How to get quality of service wrong

I needed to book three cinema tickets to see Skyfall last week.
Me and several million others.
It should be easy really.  We do live in the 21st century and I am reasonably tech savvy.
So, I  Google cinemas in Bath & find the Odeon & go online and book.
Or rather I don’t.
Their web booking system is astonishingly slow.  First you select the town from a drop-down menu.  Then you wait (literally) 2-3 mins, before you can click on the film.  You then wait another 2-3 mins before you can choose the date.  However, the date I wanted (6 days ahead) did not appear.
So, I thought, give up on the web & try a real person.  The only number to call is an 0871 number, which I would call only if the world was coming to an end, as the cost is such a rip-off.  Fortunately, one of my favourite websites (see ) not only had a landline number, but had the direct number for the cinema in Bath.  Success!
Well, to a degree.  Friday can only be booked when Tuesday comes around.  Ho hum.
So, on Tuesday, I do the same again (yawn yawn) and guess what – same again – the date does not appear.
So I have another chat with my new bff in Bath and am told it will probably be online later that day, or maybe the next.
Wednesday dawns and I try again (again again).
Or at least, until I need to enter my credit card details when the screen tells me there is a system error and I should call the 0871 number to tell them the error code.
Well, just in case, I try it all again, but the same happens again.
By now, I really want to tell Mr Odeon what I think of them.  Fortunately, the sayno…. website not only has an alternative number for the 0871 Customer Service number, but it’s an 0800 number (0800 808950 in case you ever want to talk to them).
Gritting my teeth, braced for the conversation, I dial the number.  A delightful sounding recorded lady tells me that I am 36th in the queue with an estimated wait time of 26 minutes.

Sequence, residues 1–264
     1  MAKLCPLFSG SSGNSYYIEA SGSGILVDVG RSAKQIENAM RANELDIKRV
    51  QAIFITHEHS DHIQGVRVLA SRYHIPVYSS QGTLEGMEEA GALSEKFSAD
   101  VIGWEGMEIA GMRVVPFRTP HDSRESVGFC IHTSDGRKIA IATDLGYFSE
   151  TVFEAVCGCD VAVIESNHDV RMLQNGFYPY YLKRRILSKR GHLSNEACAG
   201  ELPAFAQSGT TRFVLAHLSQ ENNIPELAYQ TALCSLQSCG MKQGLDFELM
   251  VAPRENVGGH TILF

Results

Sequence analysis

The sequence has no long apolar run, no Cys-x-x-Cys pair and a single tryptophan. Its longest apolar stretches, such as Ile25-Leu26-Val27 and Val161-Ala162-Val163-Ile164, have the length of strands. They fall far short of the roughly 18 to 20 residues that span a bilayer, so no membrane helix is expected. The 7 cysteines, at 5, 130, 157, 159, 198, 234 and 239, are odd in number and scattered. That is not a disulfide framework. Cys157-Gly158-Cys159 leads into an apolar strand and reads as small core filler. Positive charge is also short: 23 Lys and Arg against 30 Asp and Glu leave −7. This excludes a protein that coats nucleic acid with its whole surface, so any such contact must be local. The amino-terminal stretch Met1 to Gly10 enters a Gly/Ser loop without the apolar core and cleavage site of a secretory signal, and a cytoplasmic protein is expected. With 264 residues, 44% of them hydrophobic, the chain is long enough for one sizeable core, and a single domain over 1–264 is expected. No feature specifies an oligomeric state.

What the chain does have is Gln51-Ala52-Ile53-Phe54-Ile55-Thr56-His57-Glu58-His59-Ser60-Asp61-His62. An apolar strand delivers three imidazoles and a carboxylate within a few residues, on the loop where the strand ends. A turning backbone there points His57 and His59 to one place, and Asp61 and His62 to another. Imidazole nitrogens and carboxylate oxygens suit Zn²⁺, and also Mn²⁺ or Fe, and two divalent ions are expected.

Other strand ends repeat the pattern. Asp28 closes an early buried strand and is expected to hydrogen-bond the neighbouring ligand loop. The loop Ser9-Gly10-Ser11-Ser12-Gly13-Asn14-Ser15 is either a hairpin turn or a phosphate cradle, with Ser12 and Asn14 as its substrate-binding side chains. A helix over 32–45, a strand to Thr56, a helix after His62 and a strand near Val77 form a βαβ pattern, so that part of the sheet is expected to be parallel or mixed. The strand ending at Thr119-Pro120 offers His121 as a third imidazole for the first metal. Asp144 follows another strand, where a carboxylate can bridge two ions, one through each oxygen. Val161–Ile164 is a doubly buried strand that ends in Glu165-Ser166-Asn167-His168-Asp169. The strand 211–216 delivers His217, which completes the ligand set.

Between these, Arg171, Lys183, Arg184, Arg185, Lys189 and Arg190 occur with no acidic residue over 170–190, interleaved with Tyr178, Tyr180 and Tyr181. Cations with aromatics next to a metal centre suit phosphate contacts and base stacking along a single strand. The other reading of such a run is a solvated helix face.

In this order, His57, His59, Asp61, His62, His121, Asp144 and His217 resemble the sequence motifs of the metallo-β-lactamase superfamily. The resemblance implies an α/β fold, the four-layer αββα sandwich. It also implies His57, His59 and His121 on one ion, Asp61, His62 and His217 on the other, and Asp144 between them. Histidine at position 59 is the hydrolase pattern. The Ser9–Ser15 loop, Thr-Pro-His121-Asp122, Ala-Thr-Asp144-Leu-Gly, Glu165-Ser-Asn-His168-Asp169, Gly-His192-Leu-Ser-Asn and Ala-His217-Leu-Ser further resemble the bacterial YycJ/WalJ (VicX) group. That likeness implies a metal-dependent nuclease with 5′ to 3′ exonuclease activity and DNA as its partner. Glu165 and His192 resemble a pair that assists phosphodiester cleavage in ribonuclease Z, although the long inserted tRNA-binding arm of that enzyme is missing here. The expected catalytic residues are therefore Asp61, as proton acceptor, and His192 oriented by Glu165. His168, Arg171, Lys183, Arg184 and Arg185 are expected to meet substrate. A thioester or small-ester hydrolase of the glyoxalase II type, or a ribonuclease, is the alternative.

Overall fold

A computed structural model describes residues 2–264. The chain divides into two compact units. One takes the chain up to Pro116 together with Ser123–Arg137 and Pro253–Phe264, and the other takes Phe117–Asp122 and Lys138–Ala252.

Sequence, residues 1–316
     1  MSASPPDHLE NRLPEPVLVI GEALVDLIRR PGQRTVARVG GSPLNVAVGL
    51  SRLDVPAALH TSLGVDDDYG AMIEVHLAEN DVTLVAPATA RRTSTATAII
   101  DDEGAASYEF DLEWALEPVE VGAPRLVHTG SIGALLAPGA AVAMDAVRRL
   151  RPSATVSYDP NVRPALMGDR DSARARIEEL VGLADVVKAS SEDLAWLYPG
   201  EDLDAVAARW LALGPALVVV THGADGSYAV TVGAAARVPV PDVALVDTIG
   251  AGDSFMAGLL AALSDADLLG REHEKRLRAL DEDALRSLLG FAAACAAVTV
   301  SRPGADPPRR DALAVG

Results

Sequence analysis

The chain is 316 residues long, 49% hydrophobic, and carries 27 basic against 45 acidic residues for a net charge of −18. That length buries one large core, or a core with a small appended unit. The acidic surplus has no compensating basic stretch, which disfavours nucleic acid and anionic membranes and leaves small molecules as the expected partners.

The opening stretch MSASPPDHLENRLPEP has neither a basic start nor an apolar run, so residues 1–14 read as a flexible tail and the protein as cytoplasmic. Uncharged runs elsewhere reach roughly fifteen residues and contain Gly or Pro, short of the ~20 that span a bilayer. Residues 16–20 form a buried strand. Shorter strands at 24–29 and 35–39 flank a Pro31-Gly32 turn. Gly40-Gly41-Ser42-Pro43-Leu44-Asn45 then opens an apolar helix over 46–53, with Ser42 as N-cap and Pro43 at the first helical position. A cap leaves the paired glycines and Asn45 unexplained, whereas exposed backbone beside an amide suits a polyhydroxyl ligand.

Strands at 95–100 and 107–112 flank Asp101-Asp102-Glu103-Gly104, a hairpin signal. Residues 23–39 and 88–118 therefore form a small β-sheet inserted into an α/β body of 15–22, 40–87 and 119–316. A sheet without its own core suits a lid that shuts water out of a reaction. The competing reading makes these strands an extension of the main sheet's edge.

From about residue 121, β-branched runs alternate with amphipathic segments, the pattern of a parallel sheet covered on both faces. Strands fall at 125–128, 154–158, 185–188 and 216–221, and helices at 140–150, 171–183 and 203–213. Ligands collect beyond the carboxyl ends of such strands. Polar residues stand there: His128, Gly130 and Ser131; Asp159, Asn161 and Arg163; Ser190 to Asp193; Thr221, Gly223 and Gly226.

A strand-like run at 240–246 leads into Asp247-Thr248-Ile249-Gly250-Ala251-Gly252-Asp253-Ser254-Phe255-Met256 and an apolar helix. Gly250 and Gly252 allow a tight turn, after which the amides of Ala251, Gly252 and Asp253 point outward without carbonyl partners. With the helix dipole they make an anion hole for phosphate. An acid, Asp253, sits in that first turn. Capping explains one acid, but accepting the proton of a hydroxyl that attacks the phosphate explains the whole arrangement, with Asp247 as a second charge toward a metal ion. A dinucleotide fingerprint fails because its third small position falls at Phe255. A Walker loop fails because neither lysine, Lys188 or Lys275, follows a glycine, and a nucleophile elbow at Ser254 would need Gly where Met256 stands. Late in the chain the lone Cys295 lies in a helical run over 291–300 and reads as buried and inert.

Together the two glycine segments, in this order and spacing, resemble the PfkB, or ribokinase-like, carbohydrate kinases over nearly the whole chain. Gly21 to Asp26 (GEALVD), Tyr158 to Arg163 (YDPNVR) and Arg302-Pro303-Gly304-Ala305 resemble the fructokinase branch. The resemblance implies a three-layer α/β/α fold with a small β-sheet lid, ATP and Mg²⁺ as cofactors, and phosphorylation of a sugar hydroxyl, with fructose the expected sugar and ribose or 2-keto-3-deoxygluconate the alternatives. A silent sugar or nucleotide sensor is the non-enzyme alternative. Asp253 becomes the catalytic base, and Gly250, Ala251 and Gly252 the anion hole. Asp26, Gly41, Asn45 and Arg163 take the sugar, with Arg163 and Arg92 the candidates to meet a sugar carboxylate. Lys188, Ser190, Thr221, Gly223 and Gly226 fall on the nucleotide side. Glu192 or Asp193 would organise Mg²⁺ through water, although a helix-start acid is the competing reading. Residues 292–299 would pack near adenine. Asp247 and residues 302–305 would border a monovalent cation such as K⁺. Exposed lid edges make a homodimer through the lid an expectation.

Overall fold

Calmly, without damaging my phone in any way, I hang up.
I re-Google cinemas in Bath and find  .  Holding my breath, I go through the whole booking and payment process in under two minutes and pay £5.40 less than I would have paid Mr Odeon.
Now, that wasn’t so hard, was it, Mr Odeon??
Finally, I use the Odeon website contact form to tell them (a slightly shorter version of) this story.
And their response?  You guessed it – no response at all.
You’re probably shaking your head right now at the zero-star customer service.  So let me ask you a question – how good is your customer service?  And how do you know that?  Have you tried phoning your company, like a customer would?  Have you bought something on your own website?  Do you ask your customers what they think?  And what do you do if they didn’t enjoy their ‘customer journey’?
I wonder if the MD of Odeon will ever read this, and what he’ll think if he does.  And what he’ll do about it.  He’ll probably take precipitous action to put things right, because he (or indeed she) is a real person.  The trouble with poor customer service in such corporates is it’s so hard to get to a real person at a high enough level to be vaguely interested.
As a postscript, the Little Theatre Cinema in Bath is a delight.  It dates from the 1930’s but has state of the art sound and vision as well as very comfy seats.  It was a lovely place to be.  The customer service was first class.  I suppose I owe the Odeon a ‘thank you’ – if they hadn’t been so bad I might never have stumbled across their delightful competitor.  Where do you think I will go next time??
Best you make sure you don’t nudge your customers and prospects in the direction of your competitor!
Post script – I eventually got an email from the Odeon apologising for the problems which they’re trying to make sure do not happen again.  I also got an email from Little Theatre Cinema thanking me for the positive feedback & offering me two free tickets.  Which company do you think I feel more positive about??
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